The marketing of the snail - and more precisely, the helix pomatia linne, the creme de la creme of snails - requires an untypical array of talents, not the least of which is a certain agility and inventiveness with language.
In this regard, Douglas Dussault, also known as the Snailman, and the exclusive U.S. distributor of Henri Maire's Wild Burgundy Snails, is extremely well matched: Lowly snails wear the mantle of "land lobsters" in his vernacular; his Potironne Co. champs are "the Kobe beef of snails."
One might be inclined to dismiss this as so much blarney. And to be honest, I was disposed to give the man short shrift. But there is an infectious charm about Dussault, born partly of his own good humor and willingness to abide my snail jokes. It is buttressed by his tenure in a number of kitchens and his solid training: He even did time, as a cooking student, at Taillevent, the legendary Parisian dining destination.
There is also the matter of his client - the snail itself, a niche curiosity suddenly enjoying one of its occasional revivals. (As steak prices soar, might it assert its will as an alternative "free-range," as Dussault calls it, protein? The ultimate slider? This year's sleeper?)
They're invading the Big Apple: New York's Varietal is serving them in a deconstructed lasagna. But Philadelphia is one of Dussault's hottest markets: Matyson carries his snails, along with Savona and Lacroix, Marigold Kitchen and Overtures. On North Broad, Marc Vetri's new Osteria sprinkles them on its incomparable wood-oven pizza.
So it came to pass that on May 24, Dussault stopped by the city (from his home in Texas), having prevailed upon Georges Perrier's Le Bec-Fin to host an eight-course tasting menu to commemorate National Escargot Day. To discuss the snail with Dussault is to experience the rush of first hearing the miraculous news about ostrich ("the other red meat") and, later, buffalo, which seemed capable of effortlessly doing everything beef could do, but without the need for a Lipitor chaser. Nutrition facts for snails: They deliver half the protein of broiled salmon or raw filet mignon at 20 percent of the calories, and only a tiny fraction of the saturated fat.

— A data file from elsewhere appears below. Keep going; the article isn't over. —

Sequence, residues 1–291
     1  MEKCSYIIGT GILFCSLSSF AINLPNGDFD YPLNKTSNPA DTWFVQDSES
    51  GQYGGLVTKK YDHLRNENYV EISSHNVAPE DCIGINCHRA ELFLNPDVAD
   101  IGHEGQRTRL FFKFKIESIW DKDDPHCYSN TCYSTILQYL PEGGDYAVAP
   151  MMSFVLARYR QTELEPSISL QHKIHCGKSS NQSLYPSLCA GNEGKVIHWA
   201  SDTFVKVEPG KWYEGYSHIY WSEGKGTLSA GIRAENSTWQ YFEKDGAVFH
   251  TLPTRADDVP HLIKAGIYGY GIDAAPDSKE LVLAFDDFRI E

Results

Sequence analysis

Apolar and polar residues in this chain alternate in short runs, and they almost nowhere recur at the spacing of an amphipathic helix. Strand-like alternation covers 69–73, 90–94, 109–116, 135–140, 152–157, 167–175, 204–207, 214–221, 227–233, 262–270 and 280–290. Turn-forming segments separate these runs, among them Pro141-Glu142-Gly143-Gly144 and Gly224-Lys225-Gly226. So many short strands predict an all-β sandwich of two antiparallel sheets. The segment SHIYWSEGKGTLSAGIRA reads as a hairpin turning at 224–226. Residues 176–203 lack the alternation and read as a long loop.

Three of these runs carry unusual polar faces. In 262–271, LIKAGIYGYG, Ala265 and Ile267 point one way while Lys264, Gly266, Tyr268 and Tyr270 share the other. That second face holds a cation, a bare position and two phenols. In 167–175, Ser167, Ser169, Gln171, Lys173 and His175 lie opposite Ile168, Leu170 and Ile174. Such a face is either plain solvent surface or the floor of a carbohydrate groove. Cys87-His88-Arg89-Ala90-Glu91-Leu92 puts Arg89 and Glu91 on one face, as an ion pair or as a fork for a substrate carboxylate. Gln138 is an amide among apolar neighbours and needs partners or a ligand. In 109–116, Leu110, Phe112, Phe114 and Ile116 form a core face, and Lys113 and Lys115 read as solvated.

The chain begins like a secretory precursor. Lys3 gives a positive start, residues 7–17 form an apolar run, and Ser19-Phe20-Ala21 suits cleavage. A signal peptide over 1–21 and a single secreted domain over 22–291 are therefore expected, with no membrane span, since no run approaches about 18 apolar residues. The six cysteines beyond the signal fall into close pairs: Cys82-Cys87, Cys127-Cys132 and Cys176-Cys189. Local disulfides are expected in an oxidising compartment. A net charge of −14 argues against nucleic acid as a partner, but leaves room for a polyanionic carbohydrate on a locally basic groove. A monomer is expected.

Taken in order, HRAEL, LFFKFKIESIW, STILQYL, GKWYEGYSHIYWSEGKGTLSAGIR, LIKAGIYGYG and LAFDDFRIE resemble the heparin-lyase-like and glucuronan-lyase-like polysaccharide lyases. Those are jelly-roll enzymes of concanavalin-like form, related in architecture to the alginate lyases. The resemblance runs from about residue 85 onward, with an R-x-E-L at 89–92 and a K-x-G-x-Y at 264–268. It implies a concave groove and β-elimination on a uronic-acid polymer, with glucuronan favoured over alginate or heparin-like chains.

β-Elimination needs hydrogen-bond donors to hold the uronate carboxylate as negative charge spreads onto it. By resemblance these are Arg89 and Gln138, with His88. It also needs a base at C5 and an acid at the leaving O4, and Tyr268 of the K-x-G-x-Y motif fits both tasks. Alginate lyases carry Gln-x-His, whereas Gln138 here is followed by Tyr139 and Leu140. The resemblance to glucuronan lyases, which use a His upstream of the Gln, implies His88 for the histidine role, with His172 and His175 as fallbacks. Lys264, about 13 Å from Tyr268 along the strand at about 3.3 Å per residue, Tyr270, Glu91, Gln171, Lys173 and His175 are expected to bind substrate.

Dussault is polished to a bit of a glow this evening, speaking fluent French to the waitstaff. "I like the smiles I'm seeing," he says, surveying the elegantly set tables. There's a wry flavor of John Lithgow about his features.
The escargot de Bourgogne - which confines itself to Europe - is as uncompromisingly natural and green as protein gets. Hunting season is limited to May, protecting against overharvesting. (Specially trained bands of Gypsies, Dussault says, mow meadows, then set up camp and harvest the snails at dawn when they crawl up the grass shoots to drink the morning dew.) They are handled with care, stored in crates allowing roaming room: "They're the true Slow Food," Dussault says, "sustainable, no methane emissions, wild, organic [although not certified as such]. Snails are the future!"
The handling and poaching in court bouillon by Henri Maire add to their cost, which can amount to a nickel more a snail over competitors, including the so-called petit gris. But look at the variety of sizes (up to "giant," which indeed is nickel-sized) of his product, Dussault says, not long before a third course of the biggies lands on the table - chef Pierre Calmels' robust, meaty (but not rubbery) snails grilled on a vanilla-bean skewer. (Next up, snails "Surf & Turf," involving a tangle of slivered conch over land snails in bordelaise sauce. And after that, grouper propped over a tangy snail Bolognese. Then, an exquisite saddle of lamb stuffed with snail persillade, the snails assigned the role of diced mushrooms.)
At a table nearby, a waiter suggests the snails might be thought of as "terrestrial mollusks," a term that pricks Dussault's ears up.
He smiles approvingly. You can see the wheels turning. Snails by another name, again!
"The snail picks up the pace",
The Philadelphia Inquirer, 6/10/07, By Rick Nichols